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Storm Surge


As I write this Hurricane Matthew is pounding Florida, having already taken over 300 lives in Haiti.  It is causing extensive damage on land as large areas of coastal Florida, Georgia and South Carolina are evacuating.  Remembering Hurricane Sandy and witnessed the devastation that wreaked the Jersey Shore including the damage on our own home and the destruction in our town of Lavallette I know that it is scary and stressful to live through this.  Thousands of people will lose their homes, belongings, memorabilia and sometimes their life savings.  Some people will never be able to rebuild or will never be able to move back into the homes they once lived in.  My own mother lost her home in Hurricane Sandy.   Towns look like war zones after the storm rages through as they deal with trying to restore power, repair roadways and secure the safety of people.  The loss of electricity will paralyze a city and create great risk for those with medical conditions.  The residents and workers in these communities need our prayers.
     There are many aspects of a hurricane that cause damage.  The speed of the winds determine the category of a hurricane, ranging from 1 – 5.  The higher the sustained winds, the higher the category.  A category 4 hurricane will have sustained winds from 130 – 156 m.p.h.  Of course the flooding waters are of major concern.  Water causes more deaths than any other aspect of a storm and damage due to water is catastrophic.  But the most problematic, unpredictable and most difficult aspect of a hurricane to deal with is the storm surge. A storm surge is a rise of water that can be as rapid as several feet in just a few minutes. The surge of water could be 8 feet or more, coupled with the waves and rising sea levels cause a storm tide. Waves push water inland faster than it can drain. The storm surge moves with the forward speed of the hurricane – typically 10-15 mph. This wind-driven water has tremendous power. One cubic yard of sea water weighs 1,728 pounds – almost a ton. This means a one-foot deep storm surge can sweep your car off the road, and even a 6-inch surge is difficult to stand in. Once on land the rushing water has tremendous power as well, carrying with it debris moving at high speeds.  Trees, pieces of buildings and other debris float on top of the storm surge and act as battering rams that can cave in homes and buildings.  Storm surges cannot be predicted, only prepared for.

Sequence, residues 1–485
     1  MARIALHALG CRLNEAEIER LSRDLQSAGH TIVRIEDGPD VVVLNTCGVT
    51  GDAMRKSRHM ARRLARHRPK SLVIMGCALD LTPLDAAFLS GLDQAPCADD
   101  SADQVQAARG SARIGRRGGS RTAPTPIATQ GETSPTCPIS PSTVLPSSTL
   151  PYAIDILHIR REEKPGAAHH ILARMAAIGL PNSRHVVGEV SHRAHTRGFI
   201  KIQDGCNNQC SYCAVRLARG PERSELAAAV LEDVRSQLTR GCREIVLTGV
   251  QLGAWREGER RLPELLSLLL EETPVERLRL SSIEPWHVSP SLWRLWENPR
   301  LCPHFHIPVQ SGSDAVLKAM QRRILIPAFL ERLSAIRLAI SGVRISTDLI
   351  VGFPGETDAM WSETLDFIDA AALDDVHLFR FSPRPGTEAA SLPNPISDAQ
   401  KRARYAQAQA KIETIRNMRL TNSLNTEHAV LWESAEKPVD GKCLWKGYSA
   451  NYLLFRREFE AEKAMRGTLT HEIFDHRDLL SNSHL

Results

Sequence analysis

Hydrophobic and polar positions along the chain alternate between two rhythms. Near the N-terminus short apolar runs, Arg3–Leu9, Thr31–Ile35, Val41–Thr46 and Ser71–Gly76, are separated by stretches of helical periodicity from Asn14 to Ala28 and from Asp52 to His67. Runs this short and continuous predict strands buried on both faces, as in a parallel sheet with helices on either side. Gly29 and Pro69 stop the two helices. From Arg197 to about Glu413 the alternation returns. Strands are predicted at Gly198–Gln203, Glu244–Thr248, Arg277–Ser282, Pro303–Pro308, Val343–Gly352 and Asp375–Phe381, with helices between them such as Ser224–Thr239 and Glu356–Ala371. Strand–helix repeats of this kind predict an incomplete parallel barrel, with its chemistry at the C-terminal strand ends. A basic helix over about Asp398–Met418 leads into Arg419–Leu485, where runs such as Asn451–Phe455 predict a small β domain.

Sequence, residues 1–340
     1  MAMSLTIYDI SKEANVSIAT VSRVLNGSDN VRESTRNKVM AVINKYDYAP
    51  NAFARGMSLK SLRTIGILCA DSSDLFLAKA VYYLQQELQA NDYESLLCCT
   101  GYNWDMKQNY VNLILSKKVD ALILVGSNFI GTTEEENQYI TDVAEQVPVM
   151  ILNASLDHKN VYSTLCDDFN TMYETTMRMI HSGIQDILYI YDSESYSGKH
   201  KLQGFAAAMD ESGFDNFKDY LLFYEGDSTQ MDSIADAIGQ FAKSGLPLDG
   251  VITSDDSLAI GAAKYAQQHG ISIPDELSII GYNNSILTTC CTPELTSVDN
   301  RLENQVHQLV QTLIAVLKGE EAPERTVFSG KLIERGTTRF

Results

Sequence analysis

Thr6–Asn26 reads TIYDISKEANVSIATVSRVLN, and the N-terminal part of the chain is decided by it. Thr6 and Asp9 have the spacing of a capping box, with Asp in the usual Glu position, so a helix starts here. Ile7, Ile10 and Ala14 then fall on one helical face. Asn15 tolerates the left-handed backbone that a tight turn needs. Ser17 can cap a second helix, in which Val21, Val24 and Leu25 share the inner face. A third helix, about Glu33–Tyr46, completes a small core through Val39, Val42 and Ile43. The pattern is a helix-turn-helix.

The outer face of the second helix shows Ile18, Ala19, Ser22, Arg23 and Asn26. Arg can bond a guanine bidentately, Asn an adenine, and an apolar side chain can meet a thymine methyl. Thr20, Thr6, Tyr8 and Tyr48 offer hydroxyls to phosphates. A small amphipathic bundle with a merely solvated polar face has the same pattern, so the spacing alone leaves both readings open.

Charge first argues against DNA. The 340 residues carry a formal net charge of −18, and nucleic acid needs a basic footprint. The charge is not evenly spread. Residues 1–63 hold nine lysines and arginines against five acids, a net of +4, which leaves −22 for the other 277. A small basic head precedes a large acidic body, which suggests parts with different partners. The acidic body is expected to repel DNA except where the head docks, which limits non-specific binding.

Jesus knew about storm surges.  As he concludes his Sermon on The Mount he says:“Therefore everyone who hears these words of mine and puts them into practice is like a wise man who built his house on the rock. The rain came down, the streams rose, and the winds blew and beat against that house; yet it did not fall, because it had its foundation on the rock. But everyone who hears these words of mine and does not put them into practice is like a foolish man who built his house on sand.  The rain came down, the streams rose, and the winds blew and beat against that house, and it fell with a great crash.”